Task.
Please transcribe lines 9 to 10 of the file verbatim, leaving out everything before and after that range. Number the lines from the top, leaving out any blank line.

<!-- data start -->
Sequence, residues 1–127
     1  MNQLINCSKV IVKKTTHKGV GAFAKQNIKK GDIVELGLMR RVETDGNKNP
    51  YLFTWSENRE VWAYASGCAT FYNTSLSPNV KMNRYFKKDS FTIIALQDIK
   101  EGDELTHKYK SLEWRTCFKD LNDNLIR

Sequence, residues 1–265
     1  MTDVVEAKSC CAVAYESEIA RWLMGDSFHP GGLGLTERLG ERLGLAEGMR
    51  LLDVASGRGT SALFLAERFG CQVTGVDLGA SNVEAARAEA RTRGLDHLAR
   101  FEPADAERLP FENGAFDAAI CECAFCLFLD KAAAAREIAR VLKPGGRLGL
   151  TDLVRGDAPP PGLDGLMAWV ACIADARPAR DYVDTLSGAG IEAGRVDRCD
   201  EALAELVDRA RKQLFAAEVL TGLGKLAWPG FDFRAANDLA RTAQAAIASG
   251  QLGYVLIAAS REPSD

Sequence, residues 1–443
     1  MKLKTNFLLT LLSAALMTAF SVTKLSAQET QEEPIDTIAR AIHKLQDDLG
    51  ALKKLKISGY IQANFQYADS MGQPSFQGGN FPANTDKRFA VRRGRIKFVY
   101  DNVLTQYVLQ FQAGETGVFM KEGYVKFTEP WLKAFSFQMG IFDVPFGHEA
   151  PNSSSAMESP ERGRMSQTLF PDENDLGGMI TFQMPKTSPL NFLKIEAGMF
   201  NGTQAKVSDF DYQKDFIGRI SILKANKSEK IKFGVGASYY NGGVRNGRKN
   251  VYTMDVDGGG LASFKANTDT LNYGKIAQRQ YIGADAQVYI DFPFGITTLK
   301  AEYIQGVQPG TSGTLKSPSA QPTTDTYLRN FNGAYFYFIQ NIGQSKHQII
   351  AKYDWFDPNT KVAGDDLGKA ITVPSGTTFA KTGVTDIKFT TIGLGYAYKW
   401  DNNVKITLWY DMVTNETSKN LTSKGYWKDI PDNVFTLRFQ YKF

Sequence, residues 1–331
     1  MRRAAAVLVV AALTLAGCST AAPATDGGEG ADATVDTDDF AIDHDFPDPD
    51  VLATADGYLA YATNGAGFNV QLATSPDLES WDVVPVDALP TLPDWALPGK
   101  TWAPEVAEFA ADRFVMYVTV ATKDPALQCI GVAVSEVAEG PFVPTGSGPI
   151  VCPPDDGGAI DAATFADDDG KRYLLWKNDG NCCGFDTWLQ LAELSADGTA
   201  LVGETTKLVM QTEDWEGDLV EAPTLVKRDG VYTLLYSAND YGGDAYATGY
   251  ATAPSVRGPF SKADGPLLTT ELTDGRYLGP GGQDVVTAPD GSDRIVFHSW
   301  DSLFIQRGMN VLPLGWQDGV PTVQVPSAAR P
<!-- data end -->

   151  TDLVRGDAPP PGLDGLMAWV ACIADARPAR DYVDTLSGAG IEAGRVDRCD
   201  EALAELVDRA RKQLFAAEVL TGLGKLAWPG FDFRAANDLA RTAQAAIASG